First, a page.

Since February is Black History month, I thought it would be interesting to research some of the African-American history in Indiana County. Starting this research back in December, I did not realize how difficult it would be to find information about notable African-Americans in Indiana County (it seems not much was written about these early figures), which somewhat surprised me knowing that Indiana County and the surrounding area was part of the Underground Railroad. I came across the same stories of Dr. Robert Mitchell and his trial against Van Meter, for harboring “fugitive slaves,” especially one by the name of Anthony Hollingsworth. But I knew there had to be others.
While searching, I came across a series of articles written by Clarence Stephenson in the 1970s and 1980s, one such article was about a gentleman by the name of Samuel Williams. So I did some more digging, and it turns out an article in the Indiana Evening Gazette in 1944 told of how Stephen Foster was inspired to write some of his songs because of Samuel Williams.
Sam’s story begins on a Kentucky plantation, as a slave. Among the slaves on the plantation was Nellie Gray, a friend of Sam, who was sold to a Louisiana plantation owner. Sam missed his friend and went to Louisiana and stole her from her new owner and brought her back to the Kentucky plantation. However, the Louisiana plantation owner came back to claim Nellie and took her back to Louisiana. Sam was severely beat for his actions, resulting in making him blind in one eye.
Sam again stole Nellie and brought her back to Kentucky, but after this she was never heard from again, my best guess would be that she was again returned to Louisiana. This left a sorrow in Sam’s heart.
Sam ran away from Kentucky and arrived in Armagh where he met with Judge Thomas White, father of Harry White. Judge White was involved in aiding the slaves and giving them shelter and food and hiding them until it was safe to go further along on their journey. One hiding place was the Old Stone house on the White property.
When Sam came to Indiana, he took two women with him, and swam the Potomac river with them on his back. He decided to locate in Indiana and worked for various families. He married Sidney Harvey, an Indiana-born African-American.
Sam was employed by Attorney William Stewart. This is where Stephen Foster enters the story.
Foster visited the home of Attorney Stewart, several times a year, as he was related to Mrs. Stewart. While on his visits to Indiana, Stephen Foster often times heard Sam Williams singing his ballads as he worked. Sam had a beautiful voice, which was known around the community, and a gift of composing the music and words as he sang.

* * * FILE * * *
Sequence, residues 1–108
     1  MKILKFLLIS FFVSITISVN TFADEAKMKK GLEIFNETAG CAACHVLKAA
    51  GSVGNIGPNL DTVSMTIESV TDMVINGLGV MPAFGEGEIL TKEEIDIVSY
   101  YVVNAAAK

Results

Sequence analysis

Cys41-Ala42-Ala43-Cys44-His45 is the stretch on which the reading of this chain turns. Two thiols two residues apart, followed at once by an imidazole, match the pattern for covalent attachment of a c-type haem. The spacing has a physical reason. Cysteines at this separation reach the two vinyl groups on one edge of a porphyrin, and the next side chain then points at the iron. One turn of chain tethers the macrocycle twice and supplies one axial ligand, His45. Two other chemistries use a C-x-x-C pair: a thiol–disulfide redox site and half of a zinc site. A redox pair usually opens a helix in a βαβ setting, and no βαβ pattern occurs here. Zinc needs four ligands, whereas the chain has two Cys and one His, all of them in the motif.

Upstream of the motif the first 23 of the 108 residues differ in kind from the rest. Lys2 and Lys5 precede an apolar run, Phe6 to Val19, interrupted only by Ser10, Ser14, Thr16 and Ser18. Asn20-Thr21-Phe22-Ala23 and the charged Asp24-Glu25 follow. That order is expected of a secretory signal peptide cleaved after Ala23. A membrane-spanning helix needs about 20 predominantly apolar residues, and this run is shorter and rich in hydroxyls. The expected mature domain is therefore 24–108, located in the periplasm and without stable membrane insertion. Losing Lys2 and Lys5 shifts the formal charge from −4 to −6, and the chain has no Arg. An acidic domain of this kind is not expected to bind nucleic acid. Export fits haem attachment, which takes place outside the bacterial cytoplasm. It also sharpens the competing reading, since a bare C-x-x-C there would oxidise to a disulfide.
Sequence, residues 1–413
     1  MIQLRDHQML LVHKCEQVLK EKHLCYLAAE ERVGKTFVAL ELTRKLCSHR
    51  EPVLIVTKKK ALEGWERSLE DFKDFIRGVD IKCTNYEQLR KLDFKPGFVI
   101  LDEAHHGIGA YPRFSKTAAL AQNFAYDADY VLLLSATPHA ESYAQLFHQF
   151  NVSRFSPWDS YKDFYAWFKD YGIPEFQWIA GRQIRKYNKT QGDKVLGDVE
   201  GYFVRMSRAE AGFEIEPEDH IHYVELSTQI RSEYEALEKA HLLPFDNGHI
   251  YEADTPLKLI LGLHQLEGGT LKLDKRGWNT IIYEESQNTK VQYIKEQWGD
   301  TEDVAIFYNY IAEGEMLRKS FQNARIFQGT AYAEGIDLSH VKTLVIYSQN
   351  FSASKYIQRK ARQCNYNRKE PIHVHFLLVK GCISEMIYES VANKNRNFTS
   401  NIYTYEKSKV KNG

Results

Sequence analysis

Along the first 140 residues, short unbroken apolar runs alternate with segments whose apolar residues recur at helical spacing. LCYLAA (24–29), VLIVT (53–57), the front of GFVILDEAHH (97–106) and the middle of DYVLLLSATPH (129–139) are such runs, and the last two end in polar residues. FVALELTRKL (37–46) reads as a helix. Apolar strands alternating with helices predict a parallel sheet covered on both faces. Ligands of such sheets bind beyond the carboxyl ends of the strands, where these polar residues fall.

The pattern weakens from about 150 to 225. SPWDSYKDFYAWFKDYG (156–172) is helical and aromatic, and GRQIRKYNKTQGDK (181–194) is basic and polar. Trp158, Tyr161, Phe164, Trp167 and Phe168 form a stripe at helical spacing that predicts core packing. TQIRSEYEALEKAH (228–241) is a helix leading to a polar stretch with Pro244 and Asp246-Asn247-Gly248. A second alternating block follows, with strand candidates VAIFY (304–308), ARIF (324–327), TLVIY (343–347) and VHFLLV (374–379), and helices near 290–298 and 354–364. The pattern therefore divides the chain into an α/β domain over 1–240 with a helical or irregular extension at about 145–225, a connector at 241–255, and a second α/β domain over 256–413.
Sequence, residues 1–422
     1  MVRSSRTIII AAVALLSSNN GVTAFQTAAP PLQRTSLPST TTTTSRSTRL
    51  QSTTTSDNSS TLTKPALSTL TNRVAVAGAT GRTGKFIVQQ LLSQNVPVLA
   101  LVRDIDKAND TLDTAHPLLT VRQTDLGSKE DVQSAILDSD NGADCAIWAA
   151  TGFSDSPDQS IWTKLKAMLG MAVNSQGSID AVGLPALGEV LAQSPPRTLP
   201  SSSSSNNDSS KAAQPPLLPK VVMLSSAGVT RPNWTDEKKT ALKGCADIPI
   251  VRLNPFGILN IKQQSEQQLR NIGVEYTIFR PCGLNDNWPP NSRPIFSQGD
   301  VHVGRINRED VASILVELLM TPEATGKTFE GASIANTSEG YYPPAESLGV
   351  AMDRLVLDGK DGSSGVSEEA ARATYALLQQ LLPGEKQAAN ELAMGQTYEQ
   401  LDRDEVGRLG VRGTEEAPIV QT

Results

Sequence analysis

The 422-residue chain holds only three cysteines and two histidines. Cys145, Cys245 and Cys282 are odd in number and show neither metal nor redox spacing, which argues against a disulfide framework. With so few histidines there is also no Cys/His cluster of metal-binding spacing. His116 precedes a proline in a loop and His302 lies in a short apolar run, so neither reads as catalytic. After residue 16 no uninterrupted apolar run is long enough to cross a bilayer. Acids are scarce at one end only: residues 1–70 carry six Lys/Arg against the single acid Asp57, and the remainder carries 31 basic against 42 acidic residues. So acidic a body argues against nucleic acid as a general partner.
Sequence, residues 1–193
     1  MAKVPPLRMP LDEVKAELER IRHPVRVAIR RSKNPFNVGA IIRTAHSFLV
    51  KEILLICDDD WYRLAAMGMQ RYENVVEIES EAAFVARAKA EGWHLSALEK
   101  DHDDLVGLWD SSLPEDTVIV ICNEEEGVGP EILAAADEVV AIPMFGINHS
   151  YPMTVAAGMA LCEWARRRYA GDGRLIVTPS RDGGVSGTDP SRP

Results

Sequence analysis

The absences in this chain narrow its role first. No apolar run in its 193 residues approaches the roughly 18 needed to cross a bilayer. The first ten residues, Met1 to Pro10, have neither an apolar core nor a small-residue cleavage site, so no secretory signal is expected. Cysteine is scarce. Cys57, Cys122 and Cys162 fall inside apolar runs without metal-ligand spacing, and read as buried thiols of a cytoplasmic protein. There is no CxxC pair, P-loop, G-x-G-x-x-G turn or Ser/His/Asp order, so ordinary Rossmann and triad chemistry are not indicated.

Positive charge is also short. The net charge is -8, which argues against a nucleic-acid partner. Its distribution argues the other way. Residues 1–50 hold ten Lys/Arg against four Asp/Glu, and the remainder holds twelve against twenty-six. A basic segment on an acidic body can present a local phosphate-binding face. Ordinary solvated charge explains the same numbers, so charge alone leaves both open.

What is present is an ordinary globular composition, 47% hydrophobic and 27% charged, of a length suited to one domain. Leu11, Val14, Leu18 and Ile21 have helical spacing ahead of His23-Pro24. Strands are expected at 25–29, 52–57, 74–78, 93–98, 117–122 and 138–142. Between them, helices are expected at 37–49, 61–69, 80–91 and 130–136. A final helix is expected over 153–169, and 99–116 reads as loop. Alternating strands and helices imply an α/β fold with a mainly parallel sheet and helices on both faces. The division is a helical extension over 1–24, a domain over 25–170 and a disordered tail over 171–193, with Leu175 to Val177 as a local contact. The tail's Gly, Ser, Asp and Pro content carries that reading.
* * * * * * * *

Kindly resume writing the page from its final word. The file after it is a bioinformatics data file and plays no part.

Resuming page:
One of Sam’s songs was that of his long lost love, Nellie Gray. Another of a pet dog named “Tray,” which was left behind on the Kentucky plantation and another of Jeannie with the Dark Brown Hair. Foster became so inspired with the voice and words that he wrote the music and arranged the songs “Darling Nellie Gray,” “Old Dog Tray,” and “Jeannie with the Light Brown Hair.”
Samuel Williams died on November 26, 1879, shortly afterward the following tribute was printed in the Indiana Progress on December 4, 1874:
As Shakespear says of one of his characters, “Alas, poor Yorkick! I knew him well.” So now may the town of Indiana say of her colored friend, Sam Willias. Alas, poor Samuel! We knew him well. An escaped slave from the sunny South, he dwelt for many years among us. An African of the blackest visage, of crispest curliest locks, his face was to one and all of us familiar. A fellow of queer, odd merriment and joke, he provoked us oft to laughter. A being of iron, sinewy frame, he performed for us many menial offices, carried for us many heavy burdens. A negro whose voice of powerful, yet soft, sweet melody, we have all so often heard, sometimes in the early morning, sometimes in the stilly night, waking the sleeping echoes among the hills that lie all about our beautiful town, we all remember. As the young, the bright, the beautiful; as the honored, the brave, the gifted, as the statesman, the orator, the here, have lain down and died, so too has died on of the town characters – the queer, odd character – Sam. Spring time shall come again with bending skies of blue, with bursting flowers, with tender grass blades, with the singing of birds and the rippling laugh of little children, but never again shall come our right hand man – Black Sam.
Stable doors shall swing idly in the gentle breeze; curry combs in corners lie neglected, unused; steeds untended, stand and neigh for the voice, for the touch of their keeper, while inn keepers talk lowly together as to where they can find one to fill to them the place of him who has gone forever. As every stone, however rough, fills a needed place in the finished palace; as every drop, however little, helps swell the mighty ocean; so every man, however lowly, fills his own place in life; so Sam in our community occupied his own particular niche; and we hold that a word of kindness, a word of farewell is fitting as we turn on our heel from the grave of the negro saying, “Rest in Peace.”
Samuel Williams was laid to rest in the Oakland Cemetery.